At one point or another while talking to Jesus in prayer, haven’t we found ourselves more confused than before? We want to understand why a certain situation is the way it is. We see the signs, yet nothing makes any sense. We wonder how a certain problem is going to work out when it looks hopeless. Am I ever going to get out of this situation? Is this sickness going to last forever? When will things turn around? Like Nicodemus we ask, “How can these things be?” We look at the news and the signs are all bad. There is so much evil happening in the world. Why isn’t God doing something about this? Is God listening? Jesus says, “the wind blows where it chooses” but why isn’t the wind of the Spirit choosing to blow restoration and resurrection instead of confusion? We bring our prayers to God and so often it feels as though we too are answered with riddles that we can’t understand. We need answers, resolution, and control. At least that’s what we think. What we really need is new eyes.

And that is what Jesus is trying to explain to Nicodemus. Jesus wanted Nicodemus and us to understand that God is in control and not us. The Spirit of God, which is breath and wind, blows where God chooses not where we choose. And like the wind it cannot be contained, understood, or harnessed. And that is a little scary, especially when we want to be in control. To say we must be born from above means that we must allow God to be in charge. It is the Spirit of God that breathed life into the first humans and that same Spirit of God will breathe new life into us today if we stop trying to control our lives and let the Spirit work in and through us. It will surprise us in new and creative ways that we never could imagine on our own – just like my pinwheel illustration that Sunday morning.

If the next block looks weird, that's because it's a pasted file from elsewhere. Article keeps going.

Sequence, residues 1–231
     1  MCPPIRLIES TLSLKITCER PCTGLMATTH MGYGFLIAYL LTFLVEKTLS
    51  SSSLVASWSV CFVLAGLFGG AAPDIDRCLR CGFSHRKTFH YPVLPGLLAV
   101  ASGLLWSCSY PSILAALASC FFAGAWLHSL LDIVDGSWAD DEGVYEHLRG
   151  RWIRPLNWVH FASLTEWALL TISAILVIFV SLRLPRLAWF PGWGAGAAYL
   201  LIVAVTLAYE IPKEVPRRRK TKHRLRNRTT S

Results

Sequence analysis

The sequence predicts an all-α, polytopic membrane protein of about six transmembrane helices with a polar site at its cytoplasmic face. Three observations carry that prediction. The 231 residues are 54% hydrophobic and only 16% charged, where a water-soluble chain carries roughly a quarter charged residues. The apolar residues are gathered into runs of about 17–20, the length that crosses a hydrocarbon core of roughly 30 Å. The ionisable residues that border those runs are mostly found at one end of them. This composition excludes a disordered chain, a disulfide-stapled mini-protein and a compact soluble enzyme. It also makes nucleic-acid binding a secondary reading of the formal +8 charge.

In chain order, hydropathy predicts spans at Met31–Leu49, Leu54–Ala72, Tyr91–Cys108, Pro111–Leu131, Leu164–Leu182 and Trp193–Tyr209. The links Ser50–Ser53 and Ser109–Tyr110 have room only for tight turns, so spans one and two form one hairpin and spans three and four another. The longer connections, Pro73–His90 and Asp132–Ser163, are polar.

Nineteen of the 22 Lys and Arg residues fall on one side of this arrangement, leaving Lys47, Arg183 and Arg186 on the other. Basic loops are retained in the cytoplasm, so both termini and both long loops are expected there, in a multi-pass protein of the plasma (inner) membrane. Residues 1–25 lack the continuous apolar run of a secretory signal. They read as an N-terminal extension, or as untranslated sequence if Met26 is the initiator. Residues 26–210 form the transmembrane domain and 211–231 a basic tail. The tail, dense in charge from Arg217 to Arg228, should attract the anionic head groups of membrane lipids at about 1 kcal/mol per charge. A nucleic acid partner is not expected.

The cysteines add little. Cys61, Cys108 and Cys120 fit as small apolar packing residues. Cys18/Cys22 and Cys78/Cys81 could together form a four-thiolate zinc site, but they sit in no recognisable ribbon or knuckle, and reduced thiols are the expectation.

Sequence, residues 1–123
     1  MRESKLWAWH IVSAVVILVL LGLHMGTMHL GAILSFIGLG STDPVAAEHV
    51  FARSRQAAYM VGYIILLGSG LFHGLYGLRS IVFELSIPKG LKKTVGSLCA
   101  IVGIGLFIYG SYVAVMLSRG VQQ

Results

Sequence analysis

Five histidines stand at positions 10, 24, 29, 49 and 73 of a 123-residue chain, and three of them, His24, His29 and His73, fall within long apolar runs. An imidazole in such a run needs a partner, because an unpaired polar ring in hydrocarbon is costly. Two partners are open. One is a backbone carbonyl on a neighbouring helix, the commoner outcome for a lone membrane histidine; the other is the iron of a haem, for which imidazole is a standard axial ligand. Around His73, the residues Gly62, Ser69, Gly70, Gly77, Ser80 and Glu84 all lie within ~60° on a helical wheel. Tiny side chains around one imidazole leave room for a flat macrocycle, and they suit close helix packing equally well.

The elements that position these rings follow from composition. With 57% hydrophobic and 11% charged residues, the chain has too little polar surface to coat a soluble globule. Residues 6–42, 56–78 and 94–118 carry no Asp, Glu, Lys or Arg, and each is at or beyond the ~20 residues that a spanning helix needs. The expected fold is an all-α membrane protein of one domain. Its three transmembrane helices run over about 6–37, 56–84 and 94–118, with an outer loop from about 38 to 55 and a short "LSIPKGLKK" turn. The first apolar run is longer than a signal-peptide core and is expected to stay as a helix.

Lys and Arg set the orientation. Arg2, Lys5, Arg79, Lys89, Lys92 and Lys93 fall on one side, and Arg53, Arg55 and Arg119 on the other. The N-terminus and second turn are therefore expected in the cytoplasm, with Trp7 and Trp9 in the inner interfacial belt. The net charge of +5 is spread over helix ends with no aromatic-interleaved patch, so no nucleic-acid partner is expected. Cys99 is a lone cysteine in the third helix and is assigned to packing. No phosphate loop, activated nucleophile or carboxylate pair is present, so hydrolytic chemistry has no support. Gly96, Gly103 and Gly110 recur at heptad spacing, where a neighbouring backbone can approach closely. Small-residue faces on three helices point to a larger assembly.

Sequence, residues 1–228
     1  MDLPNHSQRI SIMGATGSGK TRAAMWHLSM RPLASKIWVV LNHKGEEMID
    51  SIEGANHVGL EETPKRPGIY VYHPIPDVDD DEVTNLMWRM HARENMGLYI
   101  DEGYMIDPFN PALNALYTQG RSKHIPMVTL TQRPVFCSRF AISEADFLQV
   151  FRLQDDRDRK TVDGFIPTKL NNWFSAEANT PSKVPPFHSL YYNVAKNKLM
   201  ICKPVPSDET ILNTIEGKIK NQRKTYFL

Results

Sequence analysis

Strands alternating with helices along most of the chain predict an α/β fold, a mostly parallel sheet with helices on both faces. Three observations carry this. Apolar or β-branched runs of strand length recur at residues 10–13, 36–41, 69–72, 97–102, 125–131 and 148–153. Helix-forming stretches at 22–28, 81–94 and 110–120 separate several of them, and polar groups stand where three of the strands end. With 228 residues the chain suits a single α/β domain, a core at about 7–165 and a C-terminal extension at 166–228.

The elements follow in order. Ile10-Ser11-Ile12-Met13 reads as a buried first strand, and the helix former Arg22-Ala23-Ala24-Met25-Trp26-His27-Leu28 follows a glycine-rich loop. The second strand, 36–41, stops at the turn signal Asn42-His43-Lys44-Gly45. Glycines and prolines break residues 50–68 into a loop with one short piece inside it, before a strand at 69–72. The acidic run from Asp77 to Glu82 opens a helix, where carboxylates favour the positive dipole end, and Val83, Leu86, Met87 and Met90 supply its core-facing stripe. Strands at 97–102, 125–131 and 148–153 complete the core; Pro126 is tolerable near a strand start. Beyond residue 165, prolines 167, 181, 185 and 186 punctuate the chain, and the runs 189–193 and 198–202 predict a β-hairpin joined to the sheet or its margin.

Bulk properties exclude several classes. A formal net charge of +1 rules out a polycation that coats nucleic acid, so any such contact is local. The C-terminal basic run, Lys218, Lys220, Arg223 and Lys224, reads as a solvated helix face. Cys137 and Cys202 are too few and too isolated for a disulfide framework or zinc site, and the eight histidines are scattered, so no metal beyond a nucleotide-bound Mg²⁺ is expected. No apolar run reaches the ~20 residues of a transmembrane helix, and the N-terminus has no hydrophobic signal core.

When it was time for the children’s sermon I explained about the power of the Holy Spirit as it blew through the room where the disciples were that first Pentecost. Each child tried to make the pinwheel move, but nothing happened until……I found myself asking them all to blow on it together with me. And there we were blowing like crazy on that pinwheel and it flew like a bird! The Holy Spirit showed up that morning and people in the congregation wondered how I came up with such a great example, but I had to admit that I could take no credit for that great demonstration. I know it was the Holy Spirit at work. Nothing I could have come up with on my own that day could have been better!

I learned a lot that morning and it impacted everyone including myself. It was a great example of how not to put all our trust in ourselves. How often in our lives do we think things have to go the way we plan it? We as individuals or even congregations often spend a lot of time trying to figure out what our mission is rather than asking what is God’s mission for us. It’s really a matter of stewardship, because it’s a reminder that nothing really belongs to us. God is in control.

Sometimes it’s what we think are our failures that turn out to be our biggest lessons in growth. The Holy Spirit can and does work through those mistakes in our lives to show forth God’s glory. As a community of believers we have to allow ourselves to be molded, shaped, and changed by God for the good of the whole Church. And we need to expect the unexpected!